Parga is a Greek city on the Ionian Sea that you will fall in love with at first sight. The city is located in the northwest of Greece and impresses with its unique architecture, beautiful beaches, turquoise sea and an exciting history.
Due to the charm of its narrow, hilly, amphitheater-shaped streets and endless olive groves, it was called the “Bride of Epirus” in the distant past.
This town is surrounded by high mountains with very luxuriant vegetation and has the impression of being immersed in the Ionian Sea of beautiful shades of blue. The facades in the old town of this city are in vivid colors, mostly yellow and red, because the city rules require it. The houses are built in Mediterranean style and are densely packed, so that you don’t have the impression of being in Greece, but you feel like you are in Lisbon.
The colorful Parga is located between the cities Igoumenitsa and Preveza and opposite the island of Corfu. It has 4,000 inhabitants, and this number has quadrupled during the summer season.
Until a decade or so ago, this atypical Greek city was visited by a small number of tourists from Scandinavia, England and Germany, and today tourists come from all over Europe.
Parga hides many stories, and one of them is the birth of one of the greatest Turkish soldiers. Ibrahim Pasha, the Grand Vizier of the Ottoman Empire, the son of an Orthodox Greek fisherman named Theo, was born in Parga on June 27, 1493. As a boy, he was taken to the Turkish city of Manisa in a bloodbath. There, a rich widow bought it at the slave market. In her service, he gained a broad education. He studied the works of great Greek philosophers, but also Arab mathematicians and astrologers. He also learned foreign languages, so in addition to Greek and Turkish, he also spoke Persian, Italian and Serbian. He played the violin amazingly well. Because of his education, it is not surprising that he quickly progressed from the sultan’s falconer to the grand vizier, and practically became the second man of the Ottoman Empire.
Turkish historians still write volumes of literature about Ibrahim Pasha, but he is not mentioned in Greece and there are no signs of him in his birthplace. The reason for this is that his military campaigns were for the benefit of the Turks, not the Greeks, so his fame remained in Istanbul. In his hometown, Parga, they say that there is a trace of him only in the old registry books.
However, another pasha, Ali-pasha Janjinski (1740 -1822), left a historical trace in Parga and is reminded of by the fortress on the top of the hill, which is today a tourist attraction. He was of Albanian origin, born in Janjina. a cruel ruler, pragmatic. He made an alliance with anyone who allowed him supremacy in the territory he ruled, as with Napoleon I Bonaparte and the United Kingdom. The poet Lord George Gordon Byron visited the Turk’s Ali Pasha’s court in Ioannina in 1807 and was impressed by the pasha’s wealth and horrified by his cruelty.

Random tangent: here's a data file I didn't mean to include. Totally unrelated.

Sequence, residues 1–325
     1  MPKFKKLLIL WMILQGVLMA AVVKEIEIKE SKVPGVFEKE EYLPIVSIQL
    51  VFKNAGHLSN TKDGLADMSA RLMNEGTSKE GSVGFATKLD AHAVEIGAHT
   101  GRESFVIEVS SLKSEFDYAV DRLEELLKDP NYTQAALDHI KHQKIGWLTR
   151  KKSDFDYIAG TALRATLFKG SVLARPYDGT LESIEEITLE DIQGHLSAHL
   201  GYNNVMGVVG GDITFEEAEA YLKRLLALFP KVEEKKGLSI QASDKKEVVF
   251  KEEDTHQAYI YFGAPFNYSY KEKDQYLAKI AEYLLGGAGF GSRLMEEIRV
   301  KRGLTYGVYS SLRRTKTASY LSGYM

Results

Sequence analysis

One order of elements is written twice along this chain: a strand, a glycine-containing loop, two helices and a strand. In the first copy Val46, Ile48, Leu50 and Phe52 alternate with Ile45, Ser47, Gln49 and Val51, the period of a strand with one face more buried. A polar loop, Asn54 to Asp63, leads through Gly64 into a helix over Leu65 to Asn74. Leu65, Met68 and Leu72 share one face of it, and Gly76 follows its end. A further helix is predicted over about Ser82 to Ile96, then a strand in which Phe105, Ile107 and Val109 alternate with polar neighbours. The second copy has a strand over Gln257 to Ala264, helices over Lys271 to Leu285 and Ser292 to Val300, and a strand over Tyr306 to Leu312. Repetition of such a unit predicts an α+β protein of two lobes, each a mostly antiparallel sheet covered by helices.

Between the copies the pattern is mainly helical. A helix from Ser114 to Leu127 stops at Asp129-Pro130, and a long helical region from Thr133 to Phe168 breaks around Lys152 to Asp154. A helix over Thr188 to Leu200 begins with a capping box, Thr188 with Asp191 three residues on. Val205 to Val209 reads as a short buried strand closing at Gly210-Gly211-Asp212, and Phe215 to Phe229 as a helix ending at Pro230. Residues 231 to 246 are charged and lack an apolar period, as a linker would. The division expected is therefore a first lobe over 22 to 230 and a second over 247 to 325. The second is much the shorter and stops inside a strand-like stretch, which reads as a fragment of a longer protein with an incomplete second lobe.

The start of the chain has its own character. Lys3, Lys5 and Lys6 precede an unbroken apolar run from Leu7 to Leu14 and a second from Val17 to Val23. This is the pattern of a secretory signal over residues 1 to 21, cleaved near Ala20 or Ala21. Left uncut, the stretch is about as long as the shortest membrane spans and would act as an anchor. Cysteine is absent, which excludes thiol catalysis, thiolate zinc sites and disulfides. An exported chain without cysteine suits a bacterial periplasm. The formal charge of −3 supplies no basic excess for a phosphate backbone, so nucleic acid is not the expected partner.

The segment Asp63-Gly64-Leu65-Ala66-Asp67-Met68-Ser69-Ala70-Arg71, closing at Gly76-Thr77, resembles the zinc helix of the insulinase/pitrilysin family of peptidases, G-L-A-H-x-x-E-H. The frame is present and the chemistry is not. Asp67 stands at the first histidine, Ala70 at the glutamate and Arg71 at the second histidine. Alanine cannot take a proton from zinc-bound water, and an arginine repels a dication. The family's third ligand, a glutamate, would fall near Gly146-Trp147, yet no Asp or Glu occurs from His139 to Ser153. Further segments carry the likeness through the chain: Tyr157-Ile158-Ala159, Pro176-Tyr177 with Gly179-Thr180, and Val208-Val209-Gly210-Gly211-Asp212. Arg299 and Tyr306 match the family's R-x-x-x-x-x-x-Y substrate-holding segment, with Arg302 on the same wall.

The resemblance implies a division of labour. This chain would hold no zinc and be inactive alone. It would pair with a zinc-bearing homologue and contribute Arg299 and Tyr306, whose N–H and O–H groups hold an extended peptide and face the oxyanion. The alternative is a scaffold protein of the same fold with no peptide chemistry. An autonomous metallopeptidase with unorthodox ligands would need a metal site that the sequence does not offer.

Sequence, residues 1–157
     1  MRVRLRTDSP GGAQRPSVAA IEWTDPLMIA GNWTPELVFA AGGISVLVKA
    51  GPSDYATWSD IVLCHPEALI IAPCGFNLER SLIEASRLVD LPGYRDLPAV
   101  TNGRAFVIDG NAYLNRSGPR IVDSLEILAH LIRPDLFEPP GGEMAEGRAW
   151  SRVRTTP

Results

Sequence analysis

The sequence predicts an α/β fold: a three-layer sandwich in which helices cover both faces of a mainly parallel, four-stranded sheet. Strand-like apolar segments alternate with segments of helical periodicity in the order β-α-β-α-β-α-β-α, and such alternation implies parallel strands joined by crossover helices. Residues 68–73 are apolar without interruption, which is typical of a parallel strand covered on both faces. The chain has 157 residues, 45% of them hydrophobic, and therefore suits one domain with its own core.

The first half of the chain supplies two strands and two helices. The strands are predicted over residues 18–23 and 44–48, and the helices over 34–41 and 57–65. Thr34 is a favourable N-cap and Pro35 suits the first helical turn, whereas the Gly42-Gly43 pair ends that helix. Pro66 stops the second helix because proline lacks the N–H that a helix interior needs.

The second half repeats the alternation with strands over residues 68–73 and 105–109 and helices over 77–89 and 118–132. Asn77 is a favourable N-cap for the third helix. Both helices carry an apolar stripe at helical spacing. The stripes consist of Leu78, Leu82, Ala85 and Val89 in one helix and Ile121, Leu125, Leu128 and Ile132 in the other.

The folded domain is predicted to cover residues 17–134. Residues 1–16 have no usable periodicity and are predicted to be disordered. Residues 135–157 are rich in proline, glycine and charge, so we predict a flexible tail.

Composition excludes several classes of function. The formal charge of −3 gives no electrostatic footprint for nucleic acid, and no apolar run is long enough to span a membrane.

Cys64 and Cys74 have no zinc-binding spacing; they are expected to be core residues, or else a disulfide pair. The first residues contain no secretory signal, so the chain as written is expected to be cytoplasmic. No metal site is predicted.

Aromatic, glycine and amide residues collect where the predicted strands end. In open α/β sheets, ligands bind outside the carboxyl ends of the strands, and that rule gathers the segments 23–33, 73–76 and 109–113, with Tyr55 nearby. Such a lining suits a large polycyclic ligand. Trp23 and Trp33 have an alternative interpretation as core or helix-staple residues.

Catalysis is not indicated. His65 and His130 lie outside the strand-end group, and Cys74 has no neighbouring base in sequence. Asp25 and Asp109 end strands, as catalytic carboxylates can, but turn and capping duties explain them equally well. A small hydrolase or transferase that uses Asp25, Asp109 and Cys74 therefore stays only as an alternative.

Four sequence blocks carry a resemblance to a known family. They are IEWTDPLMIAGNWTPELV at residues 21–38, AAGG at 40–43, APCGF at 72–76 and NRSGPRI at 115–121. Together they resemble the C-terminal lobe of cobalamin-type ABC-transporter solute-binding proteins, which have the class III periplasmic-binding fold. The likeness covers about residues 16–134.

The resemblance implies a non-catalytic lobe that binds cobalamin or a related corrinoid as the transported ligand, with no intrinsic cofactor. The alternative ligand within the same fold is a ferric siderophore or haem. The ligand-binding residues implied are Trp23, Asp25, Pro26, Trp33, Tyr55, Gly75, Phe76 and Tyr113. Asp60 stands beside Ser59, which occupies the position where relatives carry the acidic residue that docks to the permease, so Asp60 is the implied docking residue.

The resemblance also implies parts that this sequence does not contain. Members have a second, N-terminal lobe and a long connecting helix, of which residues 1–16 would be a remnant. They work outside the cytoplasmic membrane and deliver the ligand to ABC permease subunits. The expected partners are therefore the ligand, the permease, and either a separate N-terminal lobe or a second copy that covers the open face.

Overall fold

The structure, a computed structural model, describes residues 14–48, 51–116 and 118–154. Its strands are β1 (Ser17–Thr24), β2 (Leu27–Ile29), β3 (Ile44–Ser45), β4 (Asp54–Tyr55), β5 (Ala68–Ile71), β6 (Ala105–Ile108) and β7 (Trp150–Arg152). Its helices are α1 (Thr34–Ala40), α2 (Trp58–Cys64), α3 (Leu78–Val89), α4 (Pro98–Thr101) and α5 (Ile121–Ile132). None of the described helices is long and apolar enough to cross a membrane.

During the reign of Ali Pasha in Epirus and Parga, many Greek settlements were forcibly converted to Islam, but the inhabitants still retained their mother tongue and the Christian religion. Among them were people from Parga.
The fortification of this town was built in the 13th century and served as protection of the population from various invaders – Venetians, French, English, Turks … The English sold Parga to the Turks with an agreement from 1817, and almost all the locals moved to Corfu, about 4,000 of them. They remained there for almost 100 years, because Epirus was liberated only in 1913, after the victory of Greece in the Balkan wars.
When they returned, they saw that Ali Pasha had added a fortress because a harem had settled there. The Parisian returnees were very angry about this, so they took stones out of the walls. Today, the fortress is quite dilapidated, but because of its historical significance and the beautiful view that stretches from it to the city, tourists walk up 64 steps to it.
Greeks are very religious people, so it is not surprising that Parga and its surroundings have 50 churches and monasteries. In the very center of the town is the most famous Church of St. Nicholas. In the central part of the bay, about 70 meters from the coast and the city beach, there is the Mother of God’s Island, and on it the Church of the Most Holy Mother of God. The famous summer festival “Parga” is held there on the island, and the newlyweds who come by boat get married in the temple.
Parga has everything a demanding tourist needs. There are several beaches, the most beautiful of which is the sandy beach Valstos. There are many cafes, bars, discos, taverns, restaurants, but also bakeries, pastry shops, souvenir shops, well-stocked shops and various boutiques. Parga also has a post office, an ambulance, a pharmacy, car, motorcycle rental agencies and a well-kept promenade with many restaurants along the coast.